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Richard Trinder
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@richardtrinder
7:00 AM 3rd November 2021
frontpage

COP26: Why All The Fuss about Methane?

Photo by Marcin Jozwiak
Photo by Marcin Jozwiak
The Global Methane Pledge announced today by the EU and the US aims to limit Methane emissions by 30% compared with 2020 levels and has been signed, so far, by over 80 countries.

EU Commission chief Ursula von der Leyen set the scene at today's COP26 with the simple, direct, and heart felt statement: "We have to cut emissions fast.". She said cutting Methane was "one of the most effective things we can do to reduce near-term global warming".

For many it is considered to be 'low hanging fruit' in that relatively small changes in Methane emission can have a huge impact on global warming. Methane is better than CO2 at letting heat from the Sun pass through to the Earth and then trapping it once inside; over a 20 year period Methane is over seventy times better. 'Better' is perhaps the wrong word in this context.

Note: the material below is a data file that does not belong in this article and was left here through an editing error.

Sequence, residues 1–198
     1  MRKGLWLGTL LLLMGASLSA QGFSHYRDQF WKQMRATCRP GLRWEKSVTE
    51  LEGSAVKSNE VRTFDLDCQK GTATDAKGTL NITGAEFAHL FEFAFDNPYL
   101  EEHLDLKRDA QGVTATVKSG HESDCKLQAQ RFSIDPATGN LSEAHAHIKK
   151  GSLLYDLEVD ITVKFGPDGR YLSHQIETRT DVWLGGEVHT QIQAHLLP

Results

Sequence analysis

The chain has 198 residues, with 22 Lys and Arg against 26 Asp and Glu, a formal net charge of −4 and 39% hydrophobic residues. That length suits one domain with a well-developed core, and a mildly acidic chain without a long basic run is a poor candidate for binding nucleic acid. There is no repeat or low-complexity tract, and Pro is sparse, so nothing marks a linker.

US President Joe Biden, working in close concert with the EU, echoed Ursula von der Leyen's words, calling Methane "one of the most potent greenhouse gases there is".

Sources close to home

One of the biggest sources of Methane is from leakage during the production, and distribution of fracked gas in the US. So this problem is right in Biden's back yard and he clearly understands how hot this political potato is about to become.

However controlling Methane emissions offers some significant and immediate benefits, with the potential to avoid 0.3C of the projected rise in temperatures by 2040. And when we are teetering between 1.09C and 1.5C over the next couple of decades this is clearly an important contribution.

In case this all sounds like a walk in the park we should recognise that there are trip-hazards ahead. Russia, China and India, all major emitters of Methane, are not part of the pledge. And all these agreements are voluntary - nobody will chase you if you fail, not even if you don't try. Nonetheless, Methane emissions are easy to spot using satellite observations and naming and shaming is bound to be part of an intensive follow-up between COP26 and COP27.